Convict 99

Movie Information

In Brief: British comedian Will Hay – little known in the U.S. – stars in Convict 99, one of his best films. As is usually the case, he plays a lazy, incompetent and not particularly honest English schoolmaster, only here he's mistaken for an Australian expert on prison reforms and given the job of warden at a large penitentiary that he proceeds to run along the lines of a boys' school. As an introduction to the star's brand of very British comedy, this is probably the best place to start.
Score:

Genre: Comedy
Director: Marcel Varnel
Starring: Will Hay, Moore Marriott, Graham Moffatt, Googie Withers, Peter Gawthorne, Basil Radford
Rated: NR

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Though he was a big star in Great Britain, chances are most Americans have never even heard of comedian Will Hay. (In fact, it’s even money that the name will call to mind the U.S. movie censor Will Hays. There is no similarity.) Hay was a music hall performer who was also an astonomer, an airplane pilot, and an engineer. He came to the movies in 1934 and turned out 17 feature films before poor health forced him into retirement in 1943. There really is no American equivalent to him, though W.C. Fields comes closest. Like Fields, Hay was largely unsympathetic and an unregenerate scoundrel — always looking out for any profit that might come his way. His usual character was that of an incompetent and shiftless schoolmaster (Michael Redgrave does a brief impression of this character in Hitchcock’s The Lady Vanishes). This is essentially the character he plays in Convict 99, but here he is mistaken for a tough prison warden from Australia and given the warden job in an English prison (he thinks he’s applying for a post as headmaster at a school for backward boys). Considering the job pays ₤2,000 a year (a substantial sum at the time), he keeps his mouth shut upon discovering the error — and proceeds to run the prison as if it was indeed a school for backward boys.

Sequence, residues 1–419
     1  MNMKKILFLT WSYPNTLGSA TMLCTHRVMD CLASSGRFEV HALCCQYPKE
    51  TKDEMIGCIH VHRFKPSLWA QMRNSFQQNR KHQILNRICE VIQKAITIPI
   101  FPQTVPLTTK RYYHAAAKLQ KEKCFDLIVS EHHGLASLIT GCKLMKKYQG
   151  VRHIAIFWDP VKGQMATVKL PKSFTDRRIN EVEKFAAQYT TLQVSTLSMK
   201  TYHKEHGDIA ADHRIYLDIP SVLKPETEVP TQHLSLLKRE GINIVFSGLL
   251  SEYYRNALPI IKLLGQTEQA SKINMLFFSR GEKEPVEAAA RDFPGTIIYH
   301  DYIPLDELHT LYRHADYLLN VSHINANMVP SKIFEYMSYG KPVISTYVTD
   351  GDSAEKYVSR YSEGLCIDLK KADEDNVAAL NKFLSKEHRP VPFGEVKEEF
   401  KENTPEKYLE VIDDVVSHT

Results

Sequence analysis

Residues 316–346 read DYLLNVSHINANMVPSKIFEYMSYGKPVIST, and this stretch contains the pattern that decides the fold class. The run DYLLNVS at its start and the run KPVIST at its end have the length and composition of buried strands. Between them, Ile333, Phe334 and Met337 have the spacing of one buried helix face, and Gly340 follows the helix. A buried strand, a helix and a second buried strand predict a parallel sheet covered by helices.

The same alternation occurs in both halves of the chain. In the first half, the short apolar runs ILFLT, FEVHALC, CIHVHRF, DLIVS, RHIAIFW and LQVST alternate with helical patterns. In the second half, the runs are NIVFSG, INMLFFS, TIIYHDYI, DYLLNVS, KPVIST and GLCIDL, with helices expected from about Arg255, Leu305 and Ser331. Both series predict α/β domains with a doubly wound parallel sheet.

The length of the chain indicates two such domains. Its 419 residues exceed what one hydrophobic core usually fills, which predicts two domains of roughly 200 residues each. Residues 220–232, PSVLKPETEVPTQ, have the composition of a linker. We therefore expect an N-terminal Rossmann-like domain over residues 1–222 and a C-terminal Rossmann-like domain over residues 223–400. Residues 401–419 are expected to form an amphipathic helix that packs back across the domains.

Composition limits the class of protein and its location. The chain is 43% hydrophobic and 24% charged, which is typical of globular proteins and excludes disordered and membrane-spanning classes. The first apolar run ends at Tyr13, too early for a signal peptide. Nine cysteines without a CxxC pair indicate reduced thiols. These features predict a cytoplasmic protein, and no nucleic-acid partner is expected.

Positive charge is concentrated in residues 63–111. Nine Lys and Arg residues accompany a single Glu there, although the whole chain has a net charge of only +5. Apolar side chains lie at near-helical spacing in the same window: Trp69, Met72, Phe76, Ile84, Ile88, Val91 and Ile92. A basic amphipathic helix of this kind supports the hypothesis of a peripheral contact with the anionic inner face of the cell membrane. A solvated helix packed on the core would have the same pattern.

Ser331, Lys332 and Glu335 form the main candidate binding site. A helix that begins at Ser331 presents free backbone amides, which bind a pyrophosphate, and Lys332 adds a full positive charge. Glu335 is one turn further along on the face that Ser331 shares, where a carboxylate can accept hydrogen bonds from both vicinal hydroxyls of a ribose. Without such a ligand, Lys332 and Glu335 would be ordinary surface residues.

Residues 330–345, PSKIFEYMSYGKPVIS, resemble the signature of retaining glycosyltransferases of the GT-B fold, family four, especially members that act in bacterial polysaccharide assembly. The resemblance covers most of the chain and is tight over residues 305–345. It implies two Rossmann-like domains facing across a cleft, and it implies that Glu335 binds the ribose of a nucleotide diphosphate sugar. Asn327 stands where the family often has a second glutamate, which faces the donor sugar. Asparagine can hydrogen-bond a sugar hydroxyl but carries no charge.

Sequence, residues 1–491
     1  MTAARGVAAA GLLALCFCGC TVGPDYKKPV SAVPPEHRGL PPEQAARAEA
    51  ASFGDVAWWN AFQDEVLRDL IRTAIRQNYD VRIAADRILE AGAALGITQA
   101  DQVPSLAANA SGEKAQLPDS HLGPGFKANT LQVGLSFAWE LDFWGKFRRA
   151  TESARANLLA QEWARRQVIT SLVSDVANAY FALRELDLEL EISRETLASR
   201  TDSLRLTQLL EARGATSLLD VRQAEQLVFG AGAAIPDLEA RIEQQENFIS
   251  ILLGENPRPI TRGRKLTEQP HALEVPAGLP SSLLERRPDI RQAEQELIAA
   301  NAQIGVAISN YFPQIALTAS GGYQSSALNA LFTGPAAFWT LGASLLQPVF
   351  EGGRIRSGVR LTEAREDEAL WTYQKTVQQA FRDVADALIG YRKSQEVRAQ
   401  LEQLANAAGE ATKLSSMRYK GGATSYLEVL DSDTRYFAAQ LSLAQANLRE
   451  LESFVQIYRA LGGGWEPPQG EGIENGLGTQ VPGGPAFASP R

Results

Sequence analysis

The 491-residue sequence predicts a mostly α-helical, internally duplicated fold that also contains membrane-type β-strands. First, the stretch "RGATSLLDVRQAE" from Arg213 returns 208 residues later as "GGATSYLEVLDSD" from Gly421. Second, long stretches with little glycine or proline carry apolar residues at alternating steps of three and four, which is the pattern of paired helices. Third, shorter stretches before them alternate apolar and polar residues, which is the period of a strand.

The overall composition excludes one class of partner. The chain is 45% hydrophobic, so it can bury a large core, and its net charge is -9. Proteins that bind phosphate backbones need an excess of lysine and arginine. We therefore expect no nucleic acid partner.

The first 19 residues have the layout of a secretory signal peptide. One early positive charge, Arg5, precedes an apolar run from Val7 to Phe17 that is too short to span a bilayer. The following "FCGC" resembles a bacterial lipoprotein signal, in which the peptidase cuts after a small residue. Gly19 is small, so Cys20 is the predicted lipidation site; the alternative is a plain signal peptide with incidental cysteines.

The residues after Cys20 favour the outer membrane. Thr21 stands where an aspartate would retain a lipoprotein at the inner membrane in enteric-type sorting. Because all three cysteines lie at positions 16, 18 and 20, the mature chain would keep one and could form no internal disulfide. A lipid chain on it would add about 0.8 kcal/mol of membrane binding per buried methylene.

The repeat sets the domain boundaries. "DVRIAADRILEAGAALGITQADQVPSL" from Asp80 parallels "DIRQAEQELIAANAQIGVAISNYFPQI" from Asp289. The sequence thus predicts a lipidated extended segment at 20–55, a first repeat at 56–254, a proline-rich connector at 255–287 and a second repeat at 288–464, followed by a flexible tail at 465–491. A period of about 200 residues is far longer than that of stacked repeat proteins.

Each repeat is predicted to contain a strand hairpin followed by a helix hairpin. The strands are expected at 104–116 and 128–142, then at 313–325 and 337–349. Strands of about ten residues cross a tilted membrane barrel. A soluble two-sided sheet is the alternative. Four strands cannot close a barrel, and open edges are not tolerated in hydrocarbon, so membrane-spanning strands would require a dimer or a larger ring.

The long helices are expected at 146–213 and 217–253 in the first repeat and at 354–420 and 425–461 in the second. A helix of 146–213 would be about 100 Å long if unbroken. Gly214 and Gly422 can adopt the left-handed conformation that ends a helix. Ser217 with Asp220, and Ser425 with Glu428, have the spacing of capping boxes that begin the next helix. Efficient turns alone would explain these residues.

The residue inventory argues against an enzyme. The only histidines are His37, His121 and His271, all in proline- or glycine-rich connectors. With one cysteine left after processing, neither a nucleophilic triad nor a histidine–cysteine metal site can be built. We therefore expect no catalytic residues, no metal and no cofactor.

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The results are unusual to say the least — and very funny, assuming you take to Hay’s character. Convict 99 is from Hay’s best period — when he was working with Moore Marriott (as a toothless old coot — he really was toothless, but was only 53 when this was made) and Graham Moffatt (as a helpful — and probaby smarter than the others — fat boy). The trio made a terrific screen team, but Hay’s ego got in the way and he dropped them from his films in 1940 — and something was lost in the process. But here there all present and at the top of their game.

 The Asheville Film Society will screen Convict 99 Tuesday, June 24 , at 8 p.m. in Theater Six at The Carolina Asheville and will be hosted by Xpress movie critics Ken Hanke and Justin Souther.

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About Ken Hanke
Head film critic for Mountain Xpress from December 2000 until his death in June 2016. Author of books "Ken Russell's Films," "Charlie Chan at the Movies," "A Critical Guide to Horror Film Series," "Tim Burton: An Unauthorized Biography of the Filmmaker."

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4 thoughts on “Convict 99

  1. Ken Hanke

    Sometimes I’d be willing to buy back my introduction to you.

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